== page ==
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DORCHESTER -- Despite temperatures in the single digits and icy terrain, about 100 people came to St. Katharine Drexel Parish for the 34th annual Rev. Dr. Martin Luther King, Jr. Prayer Breakfast on Jan. 21.
"Usually, there are about 180-200 people in attendance. These brave souls came out to celebrate despite the great freeze," Black Catholic Ministries Coordinator Lorna DesRoses said in an email to the Pilot.
Father J. Bryan Hehir attended the breakfast on behalf of Cardinal Seán O'Malley, who was in Panama for World Youth Day. Speaking to the attendees, he said a highlight of the U.S. Conference of Catholic Bishops meeting in November was when the bishops published a pastoral letter against racism.
"We need to remember that, because it was a document that has not yet received the attention it should have," he said.
Father Hehir said one way to think about Dr. King is to think of the cities associated with him, including Atlanta, Birmingham, Memphis, and Boston. Dr. King attended Boston University and returned in 1965, when Father Hehir was a seminarian.
"We are the inheritors of what he left us," Father Hehir said.
Rev. Dr. Martin Luther King, Jr. would have been 90 years old on his birthday, Jan. 15. The national holiday in his honor is held on the third Monday of January.
The prayer breakfast usually includes a reading from one of Dr. King's speeches. This year, St. Katherine Drexel parishioner Maria Grace read an excerpt from a speech delivered by Dr. King's wife, Coretta Scott King, to Harvard University students in 1968.
Dr. King had accepted an invitation to speak there but was assassinated in April of that year, so Mrs. King came in his place. In her speech, entitled "We May Yet Not Only Survive, We May Triumph," she spoke of problems relating to poverty and commended the power and vitality of the emerging student movement.
The parish's music director Meyer Chambers led the Boston Black Catholic Choir in songs throughout the event, which ended with everyone in attendance singing "We Shall Overcome."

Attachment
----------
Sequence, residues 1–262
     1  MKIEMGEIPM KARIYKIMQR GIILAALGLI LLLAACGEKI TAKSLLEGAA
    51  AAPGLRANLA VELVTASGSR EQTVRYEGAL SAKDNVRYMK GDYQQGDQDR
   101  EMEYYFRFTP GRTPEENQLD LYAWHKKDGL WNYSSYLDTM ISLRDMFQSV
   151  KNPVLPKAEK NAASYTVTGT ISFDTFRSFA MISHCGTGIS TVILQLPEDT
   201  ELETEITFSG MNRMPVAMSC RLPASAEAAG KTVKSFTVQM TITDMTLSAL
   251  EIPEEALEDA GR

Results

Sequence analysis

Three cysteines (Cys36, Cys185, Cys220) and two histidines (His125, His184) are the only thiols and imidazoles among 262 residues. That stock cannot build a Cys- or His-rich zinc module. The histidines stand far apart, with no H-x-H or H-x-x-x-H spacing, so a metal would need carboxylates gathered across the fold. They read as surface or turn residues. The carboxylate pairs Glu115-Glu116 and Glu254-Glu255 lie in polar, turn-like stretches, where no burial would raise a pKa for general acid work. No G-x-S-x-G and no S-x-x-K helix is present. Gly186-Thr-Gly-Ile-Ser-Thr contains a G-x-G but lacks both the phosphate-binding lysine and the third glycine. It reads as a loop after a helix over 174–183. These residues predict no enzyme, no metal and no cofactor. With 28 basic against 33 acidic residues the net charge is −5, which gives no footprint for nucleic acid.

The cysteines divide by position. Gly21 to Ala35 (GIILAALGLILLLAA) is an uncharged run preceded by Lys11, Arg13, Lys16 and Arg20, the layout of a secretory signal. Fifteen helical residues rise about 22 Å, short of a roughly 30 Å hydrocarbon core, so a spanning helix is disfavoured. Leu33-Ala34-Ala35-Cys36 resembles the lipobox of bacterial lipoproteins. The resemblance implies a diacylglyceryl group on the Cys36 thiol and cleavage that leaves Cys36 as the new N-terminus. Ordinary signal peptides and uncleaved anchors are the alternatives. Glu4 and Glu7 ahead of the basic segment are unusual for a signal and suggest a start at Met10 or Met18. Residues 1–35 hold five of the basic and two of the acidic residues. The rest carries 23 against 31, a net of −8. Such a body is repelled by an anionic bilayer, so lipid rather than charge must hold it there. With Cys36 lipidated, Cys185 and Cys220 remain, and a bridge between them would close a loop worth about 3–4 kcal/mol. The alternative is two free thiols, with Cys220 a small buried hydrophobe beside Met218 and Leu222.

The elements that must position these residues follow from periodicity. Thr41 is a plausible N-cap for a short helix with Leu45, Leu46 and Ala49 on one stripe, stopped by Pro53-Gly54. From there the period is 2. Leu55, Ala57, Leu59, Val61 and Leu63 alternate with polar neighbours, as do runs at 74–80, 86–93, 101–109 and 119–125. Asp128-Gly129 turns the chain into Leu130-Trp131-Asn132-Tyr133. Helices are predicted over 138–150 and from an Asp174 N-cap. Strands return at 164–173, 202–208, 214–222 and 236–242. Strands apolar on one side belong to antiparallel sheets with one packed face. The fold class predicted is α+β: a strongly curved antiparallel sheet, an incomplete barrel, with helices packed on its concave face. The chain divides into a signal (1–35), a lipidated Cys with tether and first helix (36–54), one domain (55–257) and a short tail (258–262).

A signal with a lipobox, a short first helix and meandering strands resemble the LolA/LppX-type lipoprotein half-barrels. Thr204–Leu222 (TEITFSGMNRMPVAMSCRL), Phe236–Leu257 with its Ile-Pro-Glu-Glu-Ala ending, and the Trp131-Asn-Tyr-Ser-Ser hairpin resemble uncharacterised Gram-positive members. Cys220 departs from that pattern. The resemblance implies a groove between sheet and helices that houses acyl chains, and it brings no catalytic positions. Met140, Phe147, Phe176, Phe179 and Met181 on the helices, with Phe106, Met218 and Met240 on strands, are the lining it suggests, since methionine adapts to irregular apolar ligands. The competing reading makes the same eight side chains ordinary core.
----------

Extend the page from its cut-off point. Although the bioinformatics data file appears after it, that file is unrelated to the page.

The featured speaker at the breakfast was journalist Byron Barnett, reporter for WHDH 7News and host of the public affairs show "Urban Update."
Barnett said this was his second time giving a public address about Dr. King. The first time was in 1969, a year after Dr. King's assassination, when Barnett was in middle school. Even then, he said, he understood the gravity of the subject. Barnett recalled that on the day of Dr. King's assassination, Barnett's mother, who had never taken a sick day, came home in the middle of her shift because she was too upset to work.
"It was very upsetting to see my mother like that. It also clarified for me what a tragic and significant loss Dr. King's death was to our country," Barnett said.
He acknowledged that Dr. King inspired many white people to join the effort to help black people in their struggle for civil rights, even to the point of risking, and sometimes giving, their lives. One of those was James Reeb, a white minister from Boston who was killed after participating in a march led by Dr. King in Selma, Alabama, in 1965.
Barnett said that the civil rights movement did not end with the abolition of Jim Crow laws, but rather entered a new phase. At the same time, and over the subsequent decades, new technology changed news media.
In the 1960s, he said, Americans got their news from three major television networks, which all portrayed events from the perspective of older white male journalists. Changes in news technology, Barnett said, changed the way Americans shared and processed news. Today, many only watch media that reinforce beliefs they already hold. Barnett believes this is why political discourse is so divided today.
"To me it often seems that we are no longer talking to each other or even at each other but past each other. Do you think Dr. King could have bridged that gap today?" Barnett said.
He encouraged the breakfast attendees to do two things. The first was to read about the history of people of color in the United States.
"When you read black history, you begin to realize this really isn't black history, this is American history," Barnett said.
His second recommendation was to become involved in politics. Barnett encouraged everyone to vote, teach children about voting, encourage friends to vote, and get involved in campaigns.
The parish presented Barnett with a Drum Major for Justice Award, in recognition of excellence in journalism.
"Each year, St. Katharine Drexel Parish and Black Catholic Ministries presents an award to the guest speaker to show appreciation for their accomplishments and to thank them for sharing his (or) her reflections on how Rev. Dr. King has affected their lives. So you see, each year, the award has a bit of a different flavor," DesRoses told the Pilot.